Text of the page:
Core private-sector machinery orders fell 0.4 percent in March from the previous month recording the first decline in three months, government data showed Wednesday, in a sign the coronavirus outbreak has been sapping demand for capital expenditure.
The orders, which exclude those for ships and from electricity utilities due to their volatility, totaled ¥854.7 billion ($7.9 billion), according to the Cabinet Office.
Demand from automakers and manufacturers of electric machinery fell dramatically, logging declines of 28.4 percent and 24.4 percent, respectively.
But those declines were somewhat offset by large orders at the end of the fiscal year, including for train carriages and telecommunications equipment, a Cabinet Office official said.
The fall in machinery orders in March followed a 2.3 percent rise in February and 2.9 percent increase in January.
With not enough clear evidence of a virus-triggered downturn, the Cabinet Office maintained its assessment that the machinery orders were “stalling.”
“The data is rather volatile to begin with, so we have to keep watch for several months” to determine a trend, the official told a press briefing. “That said, we are seeing declining demand from some industries, so we can’t be too optimistic about the outlook.”
Looking ahead, the Cabinet Office projected a 0.9 percent decrease in machinery orders in the April to June quarter from the previous three months.
The world’s third-largest economy is being pummeled by the virus as consumers are encouraged to stay home and factories have been temporarily closed to slow the spread of COVID-19, the disease caused by the new coronavirus.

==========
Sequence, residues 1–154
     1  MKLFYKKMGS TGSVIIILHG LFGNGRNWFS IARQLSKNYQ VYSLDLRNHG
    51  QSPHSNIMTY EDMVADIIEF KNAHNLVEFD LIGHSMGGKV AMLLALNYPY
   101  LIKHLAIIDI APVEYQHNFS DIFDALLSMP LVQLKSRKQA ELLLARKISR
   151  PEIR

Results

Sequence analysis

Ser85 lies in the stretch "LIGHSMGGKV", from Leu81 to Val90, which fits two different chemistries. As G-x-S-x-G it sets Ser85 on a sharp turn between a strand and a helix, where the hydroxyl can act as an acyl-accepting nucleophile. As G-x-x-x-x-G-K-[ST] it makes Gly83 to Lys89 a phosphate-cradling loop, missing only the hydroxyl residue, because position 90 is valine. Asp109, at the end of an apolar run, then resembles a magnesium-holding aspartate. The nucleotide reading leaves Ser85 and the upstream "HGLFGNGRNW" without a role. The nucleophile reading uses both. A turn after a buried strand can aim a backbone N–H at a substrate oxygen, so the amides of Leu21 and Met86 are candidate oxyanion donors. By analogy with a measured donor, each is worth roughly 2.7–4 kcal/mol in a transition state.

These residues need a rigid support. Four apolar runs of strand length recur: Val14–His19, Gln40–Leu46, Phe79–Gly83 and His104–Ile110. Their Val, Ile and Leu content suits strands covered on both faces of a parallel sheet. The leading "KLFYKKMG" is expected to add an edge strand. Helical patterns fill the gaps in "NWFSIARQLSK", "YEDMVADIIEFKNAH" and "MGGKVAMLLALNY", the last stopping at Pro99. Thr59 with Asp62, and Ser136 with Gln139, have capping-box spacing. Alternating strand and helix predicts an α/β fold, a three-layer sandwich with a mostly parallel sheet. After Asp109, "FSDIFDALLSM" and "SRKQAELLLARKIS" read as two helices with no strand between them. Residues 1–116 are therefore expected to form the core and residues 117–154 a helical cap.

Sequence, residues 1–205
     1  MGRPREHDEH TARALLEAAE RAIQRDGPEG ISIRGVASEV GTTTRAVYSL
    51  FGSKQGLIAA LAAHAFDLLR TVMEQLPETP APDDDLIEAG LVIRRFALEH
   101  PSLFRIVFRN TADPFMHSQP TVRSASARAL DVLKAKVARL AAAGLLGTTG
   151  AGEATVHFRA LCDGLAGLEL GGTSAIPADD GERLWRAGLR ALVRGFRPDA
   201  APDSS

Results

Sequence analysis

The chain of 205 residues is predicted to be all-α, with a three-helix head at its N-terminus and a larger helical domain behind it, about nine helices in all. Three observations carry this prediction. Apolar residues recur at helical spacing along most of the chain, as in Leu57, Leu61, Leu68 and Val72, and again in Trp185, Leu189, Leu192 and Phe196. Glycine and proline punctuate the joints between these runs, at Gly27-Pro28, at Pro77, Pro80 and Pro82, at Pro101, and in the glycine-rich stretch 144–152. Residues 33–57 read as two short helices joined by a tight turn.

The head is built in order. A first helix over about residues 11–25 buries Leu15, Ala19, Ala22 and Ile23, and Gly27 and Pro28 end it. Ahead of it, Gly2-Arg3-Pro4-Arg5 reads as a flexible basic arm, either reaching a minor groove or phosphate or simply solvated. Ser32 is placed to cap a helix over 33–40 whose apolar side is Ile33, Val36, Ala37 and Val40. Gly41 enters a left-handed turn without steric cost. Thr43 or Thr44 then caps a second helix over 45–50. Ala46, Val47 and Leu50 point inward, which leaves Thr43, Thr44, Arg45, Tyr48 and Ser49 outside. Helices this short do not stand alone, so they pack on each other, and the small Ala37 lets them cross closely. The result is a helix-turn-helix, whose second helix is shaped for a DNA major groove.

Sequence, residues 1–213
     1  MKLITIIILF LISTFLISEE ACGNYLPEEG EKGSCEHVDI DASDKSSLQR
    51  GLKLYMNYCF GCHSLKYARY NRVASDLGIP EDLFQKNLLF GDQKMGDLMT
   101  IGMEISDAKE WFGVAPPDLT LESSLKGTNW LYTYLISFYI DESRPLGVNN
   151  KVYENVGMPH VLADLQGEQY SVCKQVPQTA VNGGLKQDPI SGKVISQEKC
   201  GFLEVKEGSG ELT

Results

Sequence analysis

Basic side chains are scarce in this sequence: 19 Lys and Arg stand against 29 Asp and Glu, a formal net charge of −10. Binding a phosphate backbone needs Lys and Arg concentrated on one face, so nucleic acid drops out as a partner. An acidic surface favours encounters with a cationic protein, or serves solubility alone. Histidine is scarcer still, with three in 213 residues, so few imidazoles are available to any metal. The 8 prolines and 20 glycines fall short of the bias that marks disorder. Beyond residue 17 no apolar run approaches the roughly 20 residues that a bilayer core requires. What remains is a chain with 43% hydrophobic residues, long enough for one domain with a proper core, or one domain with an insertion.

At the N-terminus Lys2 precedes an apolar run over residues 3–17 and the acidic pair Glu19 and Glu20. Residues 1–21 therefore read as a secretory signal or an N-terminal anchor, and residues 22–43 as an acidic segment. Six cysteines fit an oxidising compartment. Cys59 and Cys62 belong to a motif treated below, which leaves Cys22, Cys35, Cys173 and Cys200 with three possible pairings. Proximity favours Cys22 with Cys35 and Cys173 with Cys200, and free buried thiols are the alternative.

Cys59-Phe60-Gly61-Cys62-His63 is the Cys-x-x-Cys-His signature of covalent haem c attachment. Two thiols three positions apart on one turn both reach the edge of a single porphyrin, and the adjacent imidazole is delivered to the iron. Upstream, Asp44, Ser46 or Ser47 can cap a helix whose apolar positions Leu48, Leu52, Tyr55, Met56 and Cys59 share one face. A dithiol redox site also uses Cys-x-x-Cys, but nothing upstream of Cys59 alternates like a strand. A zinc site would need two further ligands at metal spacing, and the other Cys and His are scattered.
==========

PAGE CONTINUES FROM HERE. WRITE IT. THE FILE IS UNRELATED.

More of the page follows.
The nation’s gross domestic product shrank for a second consecutive quarter in January to March, fulfillling the technical definition of a recession.
In the reporting month, orders from manufacturers plunged 8.2 percent to ¥343.0 billion while those from nonmanufacturers, excluding those for ships and from electricity utilities, rose 5.3 percent to ¥509.2 billion.
Orders from overseas, seen as an indicator of future exports, dropped 1.3 percent to ¥879.3 billion.
Total orders rose 3.0 percent to ¥2.29 trillion, pushed up by a 17.1 percent climb in demand from the domestic public sector to ¥279.8 billion.
In the fiscal year through March, core private-sector orders fell 0.3 percent from a year earlier to ¥10.40 trillion.
Machinery orders data largely depends on large manufacturers and doesn’t necessarily reflect the business situation for smaller firms struggling under the pandemic. The Bank of Japan will hold an unscheduled monetary policy meeting Friday to discuss steps to facilitate financing for such companies.
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